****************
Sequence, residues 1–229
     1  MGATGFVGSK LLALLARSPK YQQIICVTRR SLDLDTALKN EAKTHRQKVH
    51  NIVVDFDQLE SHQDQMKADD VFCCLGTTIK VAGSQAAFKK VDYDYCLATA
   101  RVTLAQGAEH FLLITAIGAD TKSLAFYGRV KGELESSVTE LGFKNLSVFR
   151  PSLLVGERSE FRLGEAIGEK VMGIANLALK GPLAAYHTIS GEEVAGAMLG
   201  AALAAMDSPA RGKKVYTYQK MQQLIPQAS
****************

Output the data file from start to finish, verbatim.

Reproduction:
Sequence, residues 1–229
     1  MGATGFVGSK LLALLARSPK YQQIICVTRR SLDLDTALKN EAKTHRQKVH
    51  NIVVDFDQLE SHQDQMKADD VFCCLGTTIK VAGSQAAFKK VDYDYCLATA
   101  RVTLAQGAEH FLLITAIGAD TKSLAFYGRV KGELESSVTE LGFKNLSVFR
   151  PSLLVGERSE FRLGEAIGEK VMGIANLALK GPLAAYHTIS GEEVAGAMLG
   201  AALAAMDSPA RGKKVYTYQK MQQLIPQAS